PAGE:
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SEPTA taps Elliott to carry EEO banner


"I believe in knights on white horses, and that people need opportunities to stand up for themselves," says Carla Elliott.

As Southeastern Pennsylvania Transportation Authority’s (SEPTA) newly appointed director of equal employment opportunity and affirmative action, she plans to help provide those opportunities — the principal reason she decided to practice law. ("That and because I enjoyed reading court cases," she says.)

After passing the Pennsylvania bar exam, Elliott worked in the commonwealth’s Social Security office for 10 years as EEO coordinator. Then she taught foreign language in a secondary school. Returning to her equal-rights focus, Elliott joined SEPTA in December 1994, spending four years as EEO specialist, followed by two as project manager of policies and procedures. And now she’s less than a month into her director post.

"It’s a definite career path I picked for myself," she says. "I’m lucky SEPTA saw me as an asset and gave me this kind of responsibility."

That responsibility has three distinct areas: prepare an affirmative action plan and communicate its goals to management, investigate complaints — from both internal and external sources — and proactively train and instruct SEPTA employees and management.

She describes her primary challenge as "helping people see what’s going on from another perspective and hoping to modify people’s behavior so we don’t have a need for litigation and complaints."

And she concedes that more equal opportunity inroads have been made in some areas than in others. For example, majority and minority racial groups are well-represented as bus drivers, but Elliot says SEPTA would like to have more female drivers.

As for SEPTA’s rail operations, she says management has encouraged non-traditional applicants, but some groups remain under-represented.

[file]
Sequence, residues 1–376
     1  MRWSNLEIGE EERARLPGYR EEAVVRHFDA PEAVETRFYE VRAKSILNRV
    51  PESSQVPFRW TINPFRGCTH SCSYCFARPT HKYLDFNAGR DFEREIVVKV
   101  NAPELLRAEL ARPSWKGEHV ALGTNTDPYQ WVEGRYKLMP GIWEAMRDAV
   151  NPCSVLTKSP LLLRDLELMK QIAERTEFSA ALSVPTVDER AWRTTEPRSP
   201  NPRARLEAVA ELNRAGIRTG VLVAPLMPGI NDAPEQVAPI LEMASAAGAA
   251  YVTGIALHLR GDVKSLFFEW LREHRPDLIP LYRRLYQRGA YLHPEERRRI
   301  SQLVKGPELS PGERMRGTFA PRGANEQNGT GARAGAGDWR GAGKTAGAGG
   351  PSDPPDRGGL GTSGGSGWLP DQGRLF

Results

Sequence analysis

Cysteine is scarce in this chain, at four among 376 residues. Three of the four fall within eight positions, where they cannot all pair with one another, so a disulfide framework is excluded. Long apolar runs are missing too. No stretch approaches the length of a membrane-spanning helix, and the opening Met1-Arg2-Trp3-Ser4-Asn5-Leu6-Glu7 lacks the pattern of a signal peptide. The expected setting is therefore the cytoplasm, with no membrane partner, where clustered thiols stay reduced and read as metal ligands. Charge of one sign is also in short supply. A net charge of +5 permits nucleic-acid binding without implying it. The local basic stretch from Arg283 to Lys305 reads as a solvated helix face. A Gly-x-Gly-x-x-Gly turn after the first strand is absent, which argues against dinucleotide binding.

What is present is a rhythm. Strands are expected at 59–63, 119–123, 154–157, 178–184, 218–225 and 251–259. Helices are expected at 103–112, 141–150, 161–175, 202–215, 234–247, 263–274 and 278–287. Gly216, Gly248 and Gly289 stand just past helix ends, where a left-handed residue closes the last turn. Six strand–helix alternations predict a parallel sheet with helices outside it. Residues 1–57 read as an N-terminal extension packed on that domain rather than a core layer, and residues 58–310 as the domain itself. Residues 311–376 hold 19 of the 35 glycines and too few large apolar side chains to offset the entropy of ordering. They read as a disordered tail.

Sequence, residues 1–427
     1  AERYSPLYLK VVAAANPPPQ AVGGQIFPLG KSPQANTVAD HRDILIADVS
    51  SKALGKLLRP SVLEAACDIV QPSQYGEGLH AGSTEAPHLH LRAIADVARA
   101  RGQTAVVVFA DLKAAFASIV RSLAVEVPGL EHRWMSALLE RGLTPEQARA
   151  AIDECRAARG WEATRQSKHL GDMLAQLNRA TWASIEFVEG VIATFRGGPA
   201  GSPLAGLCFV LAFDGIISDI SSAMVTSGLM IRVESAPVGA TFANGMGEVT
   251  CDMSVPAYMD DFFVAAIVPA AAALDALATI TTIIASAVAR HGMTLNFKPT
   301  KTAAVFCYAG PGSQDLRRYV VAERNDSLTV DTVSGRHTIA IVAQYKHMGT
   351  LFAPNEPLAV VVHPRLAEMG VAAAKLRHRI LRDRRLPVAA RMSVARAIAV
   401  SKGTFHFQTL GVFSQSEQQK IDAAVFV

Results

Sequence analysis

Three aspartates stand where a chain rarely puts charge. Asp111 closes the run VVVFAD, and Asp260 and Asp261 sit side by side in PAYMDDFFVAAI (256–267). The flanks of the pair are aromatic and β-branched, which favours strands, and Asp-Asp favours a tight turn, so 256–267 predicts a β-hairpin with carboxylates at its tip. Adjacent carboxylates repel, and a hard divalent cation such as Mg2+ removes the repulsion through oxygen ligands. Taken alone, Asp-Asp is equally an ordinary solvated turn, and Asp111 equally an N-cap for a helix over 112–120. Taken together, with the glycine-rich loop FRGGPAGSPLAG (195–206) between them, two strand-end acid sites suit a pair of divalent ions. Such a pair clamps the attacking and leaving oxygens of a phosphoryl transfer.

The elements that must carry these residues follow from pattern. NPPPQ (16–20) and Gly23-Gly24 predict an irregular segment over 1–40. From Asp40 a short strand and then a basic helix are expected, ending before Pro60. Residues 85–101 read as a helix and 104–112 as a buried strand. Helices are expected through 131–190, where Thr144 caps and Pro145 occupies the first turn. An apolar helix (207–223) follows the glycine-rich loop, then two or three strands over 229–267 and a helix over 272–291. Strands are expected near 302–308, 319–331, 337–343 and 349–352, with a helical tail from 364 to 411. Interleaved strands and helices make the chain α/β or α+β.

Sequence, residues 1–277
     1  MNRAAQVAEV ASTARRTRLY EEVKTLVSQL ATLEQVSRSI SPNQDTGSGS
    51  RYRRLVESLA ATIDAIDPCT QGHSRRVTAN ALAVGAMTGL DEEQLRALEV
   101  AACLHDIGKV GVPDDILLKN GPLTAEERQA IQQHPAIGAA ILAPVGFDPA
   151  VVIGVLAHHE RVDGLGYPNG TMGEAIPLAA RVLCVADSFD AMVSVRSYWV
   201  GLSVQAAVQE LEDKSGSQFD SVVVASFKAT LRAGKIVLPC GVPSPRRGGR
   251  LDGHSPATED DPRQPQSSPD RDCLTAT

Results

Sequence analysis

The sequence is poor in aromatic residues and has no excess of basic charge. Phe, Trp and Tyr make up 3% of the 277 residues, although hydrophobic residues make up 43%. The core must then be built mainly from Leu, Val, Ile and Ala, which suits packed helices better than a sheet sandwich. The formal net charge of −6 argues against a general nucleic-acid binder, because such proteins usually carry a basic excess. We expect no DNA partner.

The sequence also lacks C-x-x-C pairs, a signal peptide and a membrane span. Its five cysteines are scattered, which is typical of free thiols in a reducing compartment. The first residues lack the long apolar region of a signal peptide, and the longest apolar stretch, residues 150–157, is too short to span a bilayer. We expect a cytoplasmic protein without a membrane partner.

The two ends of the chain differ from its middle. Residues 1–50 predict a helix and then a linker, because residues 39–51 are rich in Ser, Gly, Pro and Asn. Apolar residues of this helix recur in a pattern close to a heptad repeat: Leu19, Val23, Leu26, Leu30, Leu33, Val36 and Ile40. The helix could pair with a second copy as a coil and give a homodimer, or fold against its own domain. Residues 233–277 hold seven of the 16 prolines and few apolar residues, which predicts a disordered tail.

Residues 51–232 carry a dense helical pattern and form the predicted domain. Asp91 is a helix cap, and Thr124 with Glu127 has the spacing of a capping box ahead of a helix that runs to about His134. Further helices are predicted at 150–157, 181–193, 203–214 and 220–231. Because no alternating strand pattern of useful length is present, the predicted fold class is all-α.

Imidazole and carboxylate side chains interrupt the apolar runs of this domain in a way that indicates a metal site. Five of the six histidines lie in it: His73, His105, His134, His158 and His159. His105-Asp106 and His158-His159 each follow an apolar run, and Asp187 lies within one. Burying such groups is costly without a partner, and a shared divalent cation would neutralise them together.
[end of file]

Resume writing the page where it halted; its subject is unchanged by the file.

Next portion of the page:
"In any environment that can trace its roots back 100 years or so, you tend to have problems where the rest of the workforce has progress," she says, adding that she sees change coming in passenger transportation where its own customer base — the riders — see public transit as a good job and enter the field.

Part of her job also includes helping current employees and management change their work environments when necessary. If and when internal-complaint investigations would be substantiated, Elliott and her team would counsel the individual. And if the individual refused to alter behavior, disciplinary action would eventually enter the equation.

"We do have a stick that goes along with the carrot," says Elliott, adding that the department has in the past recommended people for such action. "Clearly the individual employee has been put on notice."

But the reverse could happen, too. Sometimes employees perceive unfair treatment where there is none.

"We’ve been able to provide information and support where a person chooses to sue and the agency has acted fairly," Elliott says. "You may have us supporting either side."

And she has management’s full support.

"There is an understanding of what the law requires and appreciation of the need to have an office that looks at the law and not the ideology of the day," she says.

But her first order of business is to restore confidence in the office, which has been without leadership for the better part of 18 months. She’ll need to rejuvenate employee credibility in what her staff does and create confidence in how they do it, says Elliott.

"When you don’t have a hand at the rudder and a captain at the wheel, the ship can flounder."

Kathi Kube

To discuss equal employment opportunity and other management issues, follow this link to Management Discussion Forum

Contact Progressive Railroading editorial staff.

More News from 10/20/2000